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The Influence Industry

Money doesn't buy many wins for self-funded candidates

Americans cast their ballots Tuesday in House, Senate and statewide races.

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By Dan Eggen
Washington Post Staff Writer
Thursday, November 4, 2010; 12:18 AM

Wealthy future candidates, take note: It turns out that most of the time, money really can't buy you political happiness.

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Tuesday's midterms featured an unusually large crop of moguls who sought to ease their way into power by pouring millions of their own dollars into their campaigns. In most cases, they failed spectacularly.

The most obvious - and jaw-dropping - example came in the California gubernatorial race, where Republican Meg Whitman spent $175 million of her eBay fortune to lose badly to former Democratic governor Jerry Brown. That works out to about $57 for each of the roughly 3 million votes she won.

As GOP consultant Alex Castellanos quipped on CNN: "I could have lost that race for only $80 million."

Although Whitman shattered all previous records, she was hardly alone. Other rich losers this year included former wrestling executive Linda McMahon, who gave or loaned her Connecticut Senate campaign $47 million; former Hewlett-Packard chief executive Carly Fiorina, who tapped into personal accounts for $5.5 million; and GOP businessman John Raese, who used $4.7 million of his own money in losing the Senate race in West Virginia.

These are not isolated cases. The Center for Responsive Politics calculates that out of 58 candidates who used $500,000 or more of their money on federal races in 2010, fewer than one in five won. Eight of the top 10 self-funders this cycle lost, with only GOP Senate challenger Ron Johnson of Wisconsin ($8.2 million) and House candidate Scott Rigell of Virginia ($2.4 million) emerging victorious.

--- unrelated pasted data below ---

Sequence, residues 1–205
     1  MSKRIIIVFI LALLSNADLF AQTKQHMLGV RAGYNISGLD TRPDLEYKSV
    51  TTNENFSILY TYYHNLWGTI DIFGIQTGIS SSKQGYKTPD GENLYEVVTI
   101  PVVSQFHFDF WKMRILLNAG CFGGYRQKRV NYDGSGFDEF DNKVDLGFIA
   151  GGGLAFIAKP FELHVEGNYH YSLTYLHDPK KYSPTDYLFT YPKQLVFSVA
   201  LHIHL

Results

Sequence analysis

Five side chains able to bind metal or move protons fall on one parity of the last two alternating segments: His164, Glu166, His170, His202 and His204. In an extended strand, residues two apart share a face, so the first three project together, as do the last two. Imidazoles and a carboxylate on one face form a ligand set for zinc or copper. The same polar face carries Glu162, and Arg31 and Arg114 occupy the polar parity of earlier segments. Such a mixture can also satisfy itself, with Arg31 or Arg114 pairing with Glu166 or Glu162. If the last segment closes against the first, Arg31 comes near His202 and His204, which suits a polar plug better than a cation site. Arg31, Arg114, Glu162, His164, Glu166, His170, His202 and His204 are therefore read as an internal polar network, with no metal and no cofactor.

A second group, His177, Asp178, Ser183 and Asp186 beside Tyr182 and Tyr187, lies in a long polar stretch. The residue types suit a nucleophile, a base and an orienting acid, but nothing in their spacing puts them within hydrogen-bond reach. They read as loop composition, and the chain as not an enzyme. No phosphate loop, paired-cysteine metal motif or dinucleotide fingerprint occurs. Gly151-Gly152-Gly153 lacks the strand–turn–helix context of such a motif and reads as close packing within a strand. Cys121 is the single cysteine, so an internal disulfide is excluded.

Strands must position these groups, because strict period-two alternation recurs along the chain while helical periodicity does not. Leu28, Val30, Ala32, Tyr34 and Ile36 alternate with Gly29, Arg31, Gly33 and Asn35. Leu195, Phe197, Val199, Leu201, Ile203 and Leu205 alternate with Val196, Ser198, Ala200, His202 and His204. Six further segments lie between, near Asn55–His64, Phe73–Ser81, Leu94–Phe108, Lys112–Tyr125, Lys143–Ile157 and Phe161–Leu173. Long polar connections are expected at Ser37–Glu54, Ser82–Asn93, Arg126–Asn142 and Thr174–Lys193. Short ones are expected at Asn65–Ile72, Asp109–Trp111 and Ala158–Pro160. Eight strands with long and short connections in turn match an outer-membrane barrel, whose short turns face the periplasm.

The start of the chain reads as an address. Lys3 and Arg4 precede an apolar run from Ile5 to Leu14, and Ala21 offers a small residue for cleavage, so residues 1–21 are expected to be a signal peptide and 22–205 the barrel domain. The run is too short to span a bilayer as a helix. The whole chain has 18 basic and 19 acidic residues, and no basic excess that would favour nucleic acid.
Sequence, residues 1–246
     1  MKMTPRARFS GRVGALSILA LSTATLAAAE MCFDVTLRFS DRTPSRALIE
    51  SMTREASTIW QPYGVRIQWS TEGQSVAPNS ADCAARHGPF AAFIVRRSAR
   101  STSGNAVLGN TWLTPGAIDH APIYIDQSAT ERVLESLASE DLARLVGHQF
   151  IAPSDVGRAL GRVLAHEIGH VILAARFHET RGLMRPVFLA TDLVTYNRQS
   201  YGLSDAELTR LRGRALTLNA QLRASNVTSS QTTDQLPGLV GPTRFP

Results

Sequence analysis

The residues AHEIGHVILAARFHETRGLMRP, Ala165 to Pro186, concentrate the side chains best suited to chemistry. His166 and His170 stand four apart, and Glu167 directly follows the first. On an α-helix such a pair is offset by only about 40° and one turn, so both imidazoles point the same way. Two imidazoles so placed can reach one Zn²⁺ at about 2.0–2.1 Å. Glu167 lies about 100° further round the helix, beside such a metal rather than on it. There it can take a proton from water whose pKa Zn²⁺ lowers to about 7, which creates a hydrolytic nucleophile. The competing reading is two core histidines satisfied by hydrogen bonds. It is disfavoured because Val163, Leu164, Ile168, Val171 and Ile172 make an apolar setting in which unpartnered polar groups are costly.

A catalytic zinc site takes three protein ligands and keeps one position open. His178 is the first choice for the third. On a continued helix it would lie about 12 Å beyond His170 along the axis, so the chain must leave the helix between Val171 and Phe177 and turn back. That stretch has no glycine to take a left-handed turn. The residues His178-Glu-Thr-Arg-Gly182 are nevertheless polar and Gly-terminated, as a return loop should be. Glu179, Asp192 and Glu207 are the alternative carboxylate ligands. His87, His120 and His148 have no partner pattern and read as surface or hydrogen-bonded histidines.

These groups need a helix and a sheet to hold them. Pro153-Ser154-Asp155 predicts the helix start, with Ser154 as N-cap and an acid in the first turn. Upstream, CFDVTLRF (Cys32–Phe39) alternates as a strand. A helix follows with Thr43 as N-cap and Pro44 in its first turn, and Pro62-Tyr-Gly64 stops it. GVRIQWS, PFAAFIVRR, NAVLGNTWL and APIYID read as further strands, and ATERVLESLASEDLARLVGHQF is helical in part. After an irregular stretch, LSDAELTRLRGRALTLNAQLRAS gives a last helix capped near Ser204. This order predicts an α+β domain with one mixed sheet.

The results continue a long tradition of ambitious but failed bids for political office by self-financing tycoons from Ross Perot to Steve Forbes, who frequently have difficulty translating their financial advantages into votes. Since 1990, only five of the top 20 self-financed candidates have won, according to the center's data.

"Self-financing candidates generally do poorly, and Election 2010 is certainly no exception," center spokesman David Levinthal said.

Certainly there have been exceptions over the years. Successful politicians who tapped their personal fortunes to win office include California Gov. Arnold Schwarzenegger (R), New York Mayor Michael R. Bloomberg (I) and Rep. Jane Harman (D-Calif.). The biggest example in 2010 is former hospitals executive Rick Scott, who spent or borrowed nearly $75 million of his own money to beat Democrat Alex Sink in the Florida governor's race. Even then, Scott finished only about a point ahead of Sink.

Arizona State University professor Jennifer A. Steen, who authored a book on self-financing candidates, said wealthy politicos who win can thank luck as much as money. Scott, for example, clearly benefited from this year's broad GOP wave and a poorly run campaign by Sink.

"He should have beaten her by a much larger margin, considering the environment," Steen said. "It's not very good bang for the buck."

On the federal level, the record-holder remains Perot, who spent $63.5 million on his independent bid for the presidency in 1992, according to Federal Election Commission data. The money earned him about 20 percent of the popular vote, no electoral votes and a distant third-place finish behind Bill Clinton and George H.W. Bush.

Democrat Jon S. Corzine spent $60 million to win a Senate seat in 2000, but pouring cash into his campaign failed to win him reelection as New Jersey's governor last year.

In Illinois in 2004, securities trader Blair Hull spent $24 million of his fortune on a bid for the Senate, only to be beaten in the Democratic primary by a relative unknown named Barack Obama.

In general, Steen said, self-financed candidates tend to lose simply because they don't have experience in the brass-knuckle world of politics, which includes knowing how to connect with voters and maintain such relationships.

"You can call it arrogance or naivete, to be more charitable," Steen said. "They don't tend to learn the lessons of past self-financers, and they don't tend to recognize their own deficiencies. The track record is typically bad."


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